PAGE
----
Various books came up over the course of our conversation: Abraham Verghese’s Cutting for Stone [appearance in The Novel Cure: The Ten Best Novels to Cure the Xenophobic, but Ella brought it up because of the medical theme], Tom Robbins’ Jitterbug Perfume [cure: ageing, horror of], and Julia Cameron’s The Artist’s Way, a nonfiction guide to thinking creatively about your life, chiefly through 20-minute automatic writing exercises every morning. We agreed that it’s impossible to dismiss a whole genre, even if I do find myself weary of certain trends, like dystopian fiction (I introduced Ella to Claire Vaye Watkins’ Gold Fame Citrus, one of my favorite recent examples).

I came away with two instant prescriptions: Heligoland by Shena Mackay [cure: moving house], about a shell-shaped island house that used to be the headquarters of a cult. It’s a perfect short book, Ella tells me, and will help dose my feelings of rootlessness after moving more than 10 times in the last 10 years. She also prescribed Family Matters by Rohinton Mistry [cure: ageing parents] and an eventual reread of Jonathan Franzen’s The Corrections. As we discussed various other issues, such as my uncertainty about having children, Ella said she could think of 20 or more books to recommend me. “That’s a good thing, right?!” I asked.

Before I left, I asked Ella if she would ever prescribe nonfiction. She said they have been known to do so, usually if it’s written in a literary style (e.g. Robert Macfarlane and Alain de Botton). We chatted about medical memoirs and reading with the seasons for a little while, and then I thanked her and headed on my way. I walked around the corner to Skoob Books but, alas, didn’t find any of the books Ella had mentioned during our session. On the way back to the Tube station, though, I stopped at Judd Books and bought several secondhand and remaindered goodies, including these two:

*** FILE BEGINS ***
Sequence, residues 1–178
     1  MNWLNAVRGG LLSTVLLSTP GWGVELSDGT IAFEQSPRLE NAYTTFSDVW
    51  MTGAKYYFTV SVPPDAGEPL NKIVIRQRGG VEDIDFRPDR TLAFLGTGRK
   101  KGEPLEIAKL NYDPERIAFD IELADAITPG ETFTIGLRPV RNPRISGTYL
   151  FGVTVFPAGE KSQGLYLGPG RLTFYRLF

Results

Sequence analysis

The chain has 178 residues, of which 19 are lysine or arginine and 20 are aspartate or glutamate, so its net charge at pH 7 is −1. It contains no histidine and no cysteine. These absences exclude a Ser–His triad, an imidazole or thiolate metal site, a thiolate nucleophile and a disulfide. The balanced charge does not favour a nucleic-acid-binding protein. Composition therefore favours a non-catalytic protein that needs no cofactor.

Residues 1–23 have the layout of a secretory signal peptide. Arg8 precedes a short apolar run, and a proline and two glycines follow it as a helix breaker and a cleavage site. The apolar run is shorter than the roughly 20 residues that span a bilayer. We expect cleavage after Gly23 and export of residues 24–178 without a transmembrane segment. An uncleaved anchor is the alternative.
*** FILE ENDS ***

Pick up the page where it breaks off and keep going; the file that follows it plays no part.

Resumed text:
(Imagine my surprise when I spotted The Year of the Hare in The Novel Cure under midlife crisis! Age seemed to be the theme of the day.)

As soon as I got back from London I ordered secondhand copies of Heligoland, Jitterbug Perfume and The Artist’s Way, and borrowed Family Matters from the public library the next day. Within a few days four further book prescriptions arrived for me by e-mail. Ella did say that her job is made harder when her clients read a lot, so kudos to her for prescribing books I’d not read – with the one exception of Sebastian Barry’s Days Without End, which I love.

I’ve put in another order for Maggie and Me, the memoir by Damian Barr, plus (for reading aloud) Sum: Forty Tales from the Afterlives by David Eagleman and the collected short stories of Saki. I’m also keen to find The Victorian Chaise-Longue by Marghanita Laski, Ella’s final prescription, but as the Persephone Books reprint is pricey at the moment I may hold off and hope to chance upon a secondhand copy later in the year. Ella has been very generous with her recommendations, especially considering that I didn’t pay a penny. I certainly have plenty to be getting on with for now! I’ll report back later on in the year when I’ve had the chance to read some of these prescriptions.

The prescribed books I have gotten hold of so far.
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43 thoughts on “My Bibliotherapy Appointment at the School of Life